I am really getting concerned. Lastpass is now so complex with so many security implications to think about that I am getting worried it is all too much. And too much centralisation.

    • Joe Siegrist says:

      We’d never send your email to a 3rd party, we’re downloading all the leaks and comparing them against our database internally. This really is only about helping protect you in the safest way possible.

    • Steven Grimm says:

      Even if LastPass did a check on their end on request from the client, it would be completely trivial to do it with zero risk to the security of the accounts in your vault. Their client would just send a hashed version of a given address and compare that against a hashed list of compromised accounts. Only in the case of a match (in which case, by definition, your account is *already* compromised, or it wouldn’t have been on the list) would LastPass be able to determine which address was in your vault.

      They could also do an initial check purely on the client side against, say, a Bloom filter several megabytes wide, and only send the hash value if that initial check indicated a potential match.

      Done right, this is no privacy risk.

  • Doe John says:

    Heck yes. Nice addition LastPass. Thank you guys.

  • Anonymous says:

    How are you doing this? LastPass is advertised as encrypting user data before it leaves the user’s machine. The idea being that LastPass cannot get at the information any more than a remote user could without the key in the form of the master password. If you are able to verify the existence of usernames and passwords in my vault and send me an e-mail to that effect, then clearly you have access to the very information you’ve said was unavailable to you. Which is it? Part of the allure of the LastPass system is that I don’t have to “trust” LastPass’ staff to keep my information secure, but rather that the obfuscatory power behind the encryption will ensure that security. If you can find out usernames and passwords remotely, this puts all that into question. Please explain how you can do this without compromising security.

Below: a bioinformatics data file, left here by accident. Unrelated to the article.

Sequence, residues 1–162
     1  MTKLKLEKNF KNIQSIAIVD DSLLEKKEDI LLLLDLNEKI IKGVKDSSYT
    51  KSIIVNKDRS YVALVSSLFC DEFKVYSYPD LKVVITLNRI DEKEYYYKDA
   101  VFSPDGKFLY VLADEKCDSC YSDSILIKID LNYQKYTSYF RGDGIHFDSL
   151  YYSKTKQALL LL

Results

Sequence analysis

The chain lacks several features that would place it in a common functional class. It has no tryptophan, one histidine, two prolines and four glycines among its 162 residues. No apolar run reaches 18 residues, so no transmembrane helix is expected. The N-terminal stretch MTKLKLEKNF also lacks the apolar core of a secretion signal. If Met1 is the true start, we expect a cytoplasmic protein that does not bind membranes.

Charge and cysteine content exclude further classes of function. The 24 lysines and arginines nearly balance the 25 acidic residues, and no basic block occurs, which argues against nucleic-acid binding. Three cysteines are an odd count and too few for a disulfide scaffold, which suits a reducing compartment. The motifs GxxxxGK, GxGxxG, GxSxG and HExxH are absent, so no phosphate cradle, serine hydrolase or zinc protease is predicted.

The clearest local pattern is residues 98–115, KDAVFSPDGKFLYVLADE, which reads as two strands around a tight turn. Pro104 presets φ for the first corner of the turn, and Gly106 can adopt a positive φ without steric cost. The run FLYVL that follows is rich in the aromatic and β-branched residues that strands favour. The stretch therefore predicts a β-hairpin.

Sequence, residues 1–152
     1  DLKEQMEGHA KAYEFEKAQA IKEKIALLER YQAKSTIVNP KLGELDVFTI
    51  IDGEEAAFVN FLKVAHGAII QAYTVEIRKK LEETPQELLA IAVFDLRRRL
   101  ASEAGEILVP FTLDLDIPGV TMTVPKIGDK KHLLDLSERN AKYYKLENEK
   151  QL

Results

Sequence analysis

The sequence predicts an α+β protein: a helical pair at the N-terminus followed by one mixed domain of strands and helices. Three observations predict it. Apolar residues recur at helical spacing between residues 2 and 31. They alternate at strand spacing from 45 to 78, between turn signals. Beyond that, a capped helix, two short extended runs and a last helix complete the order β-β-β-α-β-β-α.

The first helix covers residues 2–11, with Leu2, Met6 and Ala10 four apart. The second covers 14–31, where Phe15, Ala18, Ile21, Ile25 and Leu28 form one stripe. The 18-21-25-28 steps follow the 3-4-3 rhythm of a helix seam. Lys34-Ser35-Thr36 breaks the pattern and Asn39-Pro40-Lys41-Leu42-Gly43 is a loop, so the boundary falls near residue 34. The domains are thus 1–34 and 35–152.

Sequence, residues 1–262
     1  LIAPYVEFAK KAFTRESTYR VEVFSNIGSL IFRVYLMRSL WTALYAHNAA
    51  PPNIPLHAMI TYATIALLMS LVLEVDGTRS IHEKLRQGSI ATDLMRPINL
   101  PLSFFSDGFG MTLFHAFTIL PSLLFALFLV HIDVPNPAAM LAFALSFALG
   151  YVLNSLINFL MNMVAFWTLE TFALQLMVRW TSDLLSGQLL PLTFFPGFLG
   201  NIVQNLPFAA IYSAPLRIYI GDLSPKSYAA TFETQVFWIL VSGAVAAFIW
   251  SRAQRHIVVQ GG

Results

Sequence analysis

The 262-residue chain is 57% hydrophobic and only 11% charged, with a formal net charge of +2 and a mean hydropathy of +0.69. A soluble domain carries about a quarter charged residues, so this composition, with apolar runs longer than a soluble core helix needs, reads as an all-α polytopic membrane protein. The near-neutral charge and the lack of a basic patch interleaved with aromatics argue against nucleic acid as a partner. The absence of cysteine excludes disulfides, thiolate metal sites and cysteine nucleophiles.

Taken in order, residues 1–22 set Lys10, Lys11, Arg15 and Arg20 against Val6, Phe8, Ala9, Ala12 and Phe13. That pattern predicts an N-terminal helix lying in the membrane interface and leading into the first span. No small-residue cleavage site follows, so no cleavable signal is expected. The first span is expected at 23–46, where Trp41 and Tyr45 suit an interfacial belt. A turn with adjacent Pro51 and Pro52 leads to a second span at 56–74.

• Anonymous says:

      I have been wondering the same thing…

    • Anonymous says:

      Ditto on that… and also, wouldn’t it be better to use a LastPass random login name of 12 meaningless characters? Doesn’t that DOUBLE my security. If you try that on most sites, you’ll get an error message, invalid email format or it needs that Login/Email Address to confirm your subscription. We are always adding convenience in lieu of security!

    • Anonymous says:

      Quoting Amber from LP:
      “so that we can locally check against the data in your vault.”

      As I understand it the keyword here is “LOCALLY”. All the work is done on your side, not LP servers.

    • Anonymous says:

      If you read the full article it states that initially you’ll only be notified if the same email you registered with and use to login is part of any leaked list. No logins within your vault are accessed.

      They’re working on integrating this discovery method with the LastPass Security Check, all of which is initiated by you locally and without sending any data to LastPass. This would include all your logins and other email addresses you use.

  • Anonymous says:

    So this just compares your login email address with the database?

  • RichC says:

    Great addition to a already excellent method of reducing exposure to Internet risk.